Forgotten desert artists lost a champion when Fran Elliott, of Sedona, Arizona, died on April 22, 2014.
Fran and her husband Ed unearthed the stories of dozens of neglected Arizona women artists. Their collection sparked the 2012 exhibit Arizona’s Pioneering Women Artists at the Museum of Northern Arizona, along with an accompanying catalogue. I made Fran’s acquaintance thanks to Gary Fillmore, of the Blue Coyote Gallery, who saw similarities in Fran’s mission and my own. In our correspondence Fran said she longed to visit Palm Springs during the Modernism show “since I live in a 60’s-era ‘solar hemicycle’ house originally designed by Frank Lloyd Wright in 1946…it would ‘feel quite at home’ in Palm Springs.”
She was quick to share resources and connections to California desert artists, and noted that local museums (listen up Palm Springs Art Museum!) often overlook their backyard artists: “Funny how we neglect the talents closest to home.” In addition to her pioneering work on Arizona artists, Fran was founder of the Hairy Angel Foundation, a group that trains service dogs for autistic children.
Lynne Bolwell Explores Pigment
Lynne Bolwell, an alumnus of Jim Trolinger’s recent paint-out in Joshua Tree, talks about the use of natural pigments in desert painting in an article in OutdoorPainter.com. The New York resident found her “East Coast palette” didn’t work so well in Death Valley. A frequent visitor to the desert, Bolwell plans to paint in Joshua Tree and Anza-Borrego again this spring.
Eric Merrell’s Desert Dreams Go Global
Eric Merrell’s article Seeing Color in the Desert–first seen on this website–was reprinted in the August/September 2014 issue of International Artist magazine. It’s proof that the joys and challenges of desert painting appeal to painters worldwide. See Eric’s blog for upcoming workshops.
Andrew Dickson’s Sabbatical at the Sea
Salton Sea painter Andrew Dickson (featured in the 2011 exhibit “Valley of the Ancient Lake”) is taking a sabbatical from his job teaching painting at Cal State Fullerton to concentrate on painting the Sea. This is excellent news for fans of Andy’s work and the Sea itself. Art may be the thing to save the Sea, after all.
Dickson is the rare artist with ancestral ties to the Sea. His grandmother’s home on the North Shore is still in the family. He writes: “I hope I will be able to keep my Grandmother’s home on the Sea and make it a permanent studio space and residence to host artists in their exploration of the region. I am very excited about the potential to work there for years to come. I have already invited several artists out for the fall (traditional and non-traditional painters from Los Angeles) and am looking forward to introducing them to the area and seeing what inspires them. I love bringing people to the desert.”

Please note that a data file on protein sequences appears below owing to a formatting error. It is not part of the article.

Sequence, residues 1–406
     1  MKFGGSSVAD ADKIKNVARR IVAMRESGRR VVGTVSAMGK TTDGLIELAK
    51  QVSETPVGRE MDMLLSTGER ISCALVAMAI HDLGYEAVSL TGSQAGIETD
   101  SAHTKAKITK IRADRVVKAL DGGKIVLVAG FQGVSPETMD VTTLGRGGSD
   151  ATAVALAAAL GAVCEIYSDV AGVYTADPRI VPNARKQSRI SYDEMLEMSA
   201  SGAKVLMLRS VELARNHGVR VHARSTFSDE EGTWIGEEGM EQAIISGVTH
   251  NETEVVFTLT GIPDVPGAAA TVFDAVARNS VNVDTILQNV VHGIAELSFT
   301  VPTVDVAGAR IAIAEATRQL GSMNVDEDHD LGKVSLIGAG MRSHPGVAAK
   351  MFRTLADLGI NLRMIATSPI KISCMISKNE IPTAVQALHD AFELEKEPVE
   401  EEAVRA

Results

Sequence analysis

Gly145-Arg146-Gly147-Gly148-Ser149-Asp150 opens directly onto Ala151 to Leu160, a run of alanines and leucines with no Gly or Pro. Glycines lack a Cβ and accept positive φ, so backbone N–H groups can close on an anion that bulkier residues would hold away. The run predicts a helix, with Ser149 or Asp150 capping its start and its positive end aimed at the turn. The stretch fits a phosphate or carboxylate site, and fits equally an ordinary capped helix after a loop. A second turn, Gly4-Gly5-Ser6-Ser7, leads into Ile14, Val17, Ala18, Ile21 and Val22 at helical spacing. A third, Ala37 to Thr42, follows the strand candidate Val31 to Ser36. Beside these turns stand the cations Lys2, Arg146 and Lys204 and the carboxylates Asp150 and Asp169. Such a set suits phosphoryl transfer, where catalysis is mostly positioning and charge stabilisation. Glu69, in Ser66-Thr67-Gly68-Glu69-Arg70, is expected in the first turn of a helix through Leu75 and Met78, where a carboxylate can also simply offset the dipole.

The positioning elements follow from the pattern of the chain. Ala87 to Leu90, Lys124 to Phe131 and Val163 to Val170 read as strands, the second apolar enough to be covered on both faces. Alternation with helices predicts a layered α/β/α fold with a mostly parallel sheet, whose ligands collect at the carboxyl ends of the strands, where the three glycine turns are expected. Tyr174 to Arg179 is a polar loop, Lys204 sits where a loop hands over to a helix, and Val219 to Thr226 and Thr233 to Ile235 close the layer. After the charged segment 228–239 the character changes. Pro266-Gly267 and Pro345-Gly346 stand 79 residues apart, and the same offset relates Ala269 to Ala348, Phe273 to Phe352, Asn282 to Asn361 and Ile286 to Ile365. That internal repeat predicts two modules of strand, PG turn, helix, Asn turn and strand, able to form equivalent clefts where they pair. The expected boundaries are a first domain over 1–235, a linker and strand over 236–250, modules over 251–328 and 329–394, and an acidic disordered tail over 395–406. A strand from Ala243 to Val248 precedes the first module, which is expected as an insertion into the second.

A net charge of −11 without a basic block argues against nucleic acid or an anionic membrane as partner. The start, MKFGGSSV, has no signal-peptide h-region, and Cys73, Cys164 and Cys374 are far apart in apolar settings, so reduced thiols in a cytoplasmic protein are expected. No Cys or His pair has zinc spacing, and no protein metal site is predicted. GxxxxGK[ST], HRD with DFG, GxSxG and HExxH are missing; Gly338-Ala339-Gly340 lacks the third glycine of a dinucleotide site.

Happy Birthday to Phil Kovinick
Phil Kovinick, esteemed art scholar and author, turned 90 in July. He is author of a book on John Frost, an early Palm Springs painter; with his wife, Marian Yoshiki-Kovinick, he wrote the definitive encyclopedia of women artists of the West. He’s the only person I know who actually met Desert Inn Gallery director Harriet Day—in her Cathedral City home, next door to Agnes Pelton.
Try to stump him with a question about a desert artist and he’ll vanish into his archives and emerge with an entire file on the person in question. Happy Birthday and thanks for all the clues, Phil.
Patricia Schaefer Opens a Gallery in Mt. Shasta
Patricia Schaefer–formerly featured on CDA and a former artist-in-residence at Korakia Pensione in Palm Springs–has opened a gallery in Dunsmuir, in the shadow of Mt. Shasta. The current exhibit at Nomad Gallery features photographs of rarely-seen Lake Michigan ice caves by Patricia’s sister, Caroline Schaefer-Hills.
The Tiny Homesteads of Anna-Marie Veloz
I’m always happy to hear of an artist from underserved (artistically) desert regions such as Victorville.
Anna-Marie Veloz, an art professor at Victor Valley College, has an exhibit at Mojave National Preserve’s Kelso Depot Visitor Center through September 20th, 2014. Inhabitance: Sculptures in Minute Scale showcases tiny replicas of abandoned structures Veloz found on her desert travels. While many artists play around with old homestead shacks in the desert, these shrunken structures take the genre to a new, oddly moving level.
A Carl Bray Steal in Valparaiso
Here’s some inspiration for all of you thrift store art collectors. Sandy Stasierowski was shopping in the Goodwill store in Valparaiso, Indiana recently when she was captivated by a painting of the Thermal fish traps. It turned out to be a classic Carl Bray Coachella Valley scene. “It’s absolutely beautiful,” Sandy says. The price for Sandy’s prize: $7.